The Week in Radio: American podcast The Complete Guide to Everything is banal...and brilliant


Click to follow
The Independent Culture

There comes a point, usually in the dead of winter, when one is forced to look further afield for one's listening, preferably to a place where the presenters don't sound as though they have lost the will to live or, conversely, as if they are trying to batter you to death with their joie de vivre.

Lately, I have been listening to the US podcast The Complete Guide to Everything (, and it has cheered me up in more ways than I could have imagined. It's a weekly show made and presented by Brooklyn's Tom Reynolds and Tim Daniels, two friends who both have day jobs and for whom podcasting is a sideline that has unexpectedly taken off, so much so that lately they've branched out into live tours.

As the title suggests, it's about everything (hangover cures, drones, posh suits, personal finance) and yet it's about nothing much at all. You might even say it specialises in the banal.

It's almost impossible to describe it in a way that does it justice, which is unfortunate as that is clearly one of the functions of this column. In the past, the presenters have explained it as "two idiots sitting around bullshitting for an hour", and I'm not sure I can better it. Here's a sample:

Reynolds: "I go through a lot of hot sauce."

Daniels: "It makes anything taste good."

Reynolds: "Yeah, pretty much. And that's why I get through a lot of it. I might order some Mexican tonight."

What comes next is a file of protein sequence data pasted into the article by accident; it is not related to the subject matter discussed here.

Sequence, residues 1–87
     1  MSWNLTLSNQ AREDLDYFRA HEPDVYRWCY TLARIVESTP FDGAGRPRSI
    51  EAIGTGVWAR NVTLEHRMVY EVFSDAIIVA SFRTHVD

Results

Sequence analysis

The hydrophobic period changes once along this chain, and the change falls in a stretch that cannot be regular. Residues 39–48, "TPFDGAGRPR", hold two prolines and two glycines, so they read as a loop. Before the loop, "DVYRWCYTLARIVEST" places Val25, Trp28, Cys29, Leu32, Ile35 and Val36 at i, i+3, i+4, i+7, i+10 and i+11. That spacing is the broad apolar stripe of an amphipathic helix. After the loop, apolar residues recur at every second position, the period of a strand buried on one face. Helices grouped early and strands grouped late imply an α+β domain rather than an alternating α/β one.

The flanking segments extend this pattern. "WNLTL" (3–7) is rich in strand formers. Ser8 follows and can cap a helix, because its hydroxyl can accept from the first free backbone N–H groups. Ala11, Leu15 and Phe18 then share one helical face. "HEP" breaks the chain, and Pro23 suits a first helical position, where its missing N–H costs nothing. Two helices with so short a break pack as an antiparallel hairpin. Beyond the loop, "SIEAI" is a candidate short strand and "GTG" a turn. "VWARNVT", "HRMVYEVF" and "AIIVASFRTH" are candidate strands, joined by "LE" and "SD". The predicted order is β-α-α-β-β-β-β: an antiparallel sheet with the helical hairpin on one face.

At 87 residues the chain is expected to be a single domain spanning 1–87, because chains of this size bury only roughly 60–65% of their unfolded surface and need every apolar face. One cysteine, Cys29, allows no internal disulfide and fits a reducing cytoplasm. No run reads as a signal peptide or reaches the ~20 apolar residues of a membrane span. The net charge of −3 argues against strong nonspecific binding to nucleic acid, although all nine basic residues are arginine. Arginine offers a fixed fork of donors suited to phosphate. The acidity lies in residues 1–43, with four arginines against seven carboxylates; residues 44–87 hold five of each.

Daniels: "This is compelling to the listener, I'm sure."

Reynolds: (idly mumbling) "I'm just weighing my options here. Yeah, I know where I'm going to get it."

Like I said, on paper it stinks. But there's a warm listlessness in Tim and Tom's conversation, along with a gentle infusion of sarcasm, which is both natural and hugely listenable to. It shouldn't work but it does.

Their latest recording is ostensibly about the story of Nancy Kerrigan and Tonya Harding, two American figure-skating rivals who became key players in a soap-opera-style scandal 20 years ago, except that it took our hosts 15 minutes to get to the point due to such pressing matters as the iniquities of stale tacos and crap waiting staff.

Eventually, in meandering style, they mulled over the hired hitman who drove around the US in pursuit of Nancy Kerrigan, and eventually caught up with her in the locker room at the US Figure Skating Championships and clubbed her in the leg.

It was subsequently revealed that Tonya Harding's husband orchestrated the attack, though his wife, later stripped all of her medals and painted in the press as the arch-villain, alleged that she knew nothing of his plans.

There were further deviations into the OJ Simpson trial and a period spent weighing up who is worse: Sting, Sid Vicious or Rod Stewart. Which, of course, sounds incongruous given the topic of the show. But then the themes in The Complete Guide to Everything are as random as they are insignificant. And since the more I try to describe it the worse it sounds, I'd suggest that you listen for yourself.

Last year, I came across another improbably good podcast, this one Canadian, which single-handedly restored my faith in radio comedy. I am now a faithful listener of CBC's Wiretap ( and can rarely contemplate sleep without presenter Jonathan Goldstein's quizzical tones in my ear, reflecting on subjects such as sloth, courtship and, in the case of this week's progamme, our final minutes on Earth.

Goldstein's parents arguing over what music they'd play during the apocalypse was a particular treat, though if I had to select a soundtrack to accompany the end of space and time, I'd choose Goldstein himself.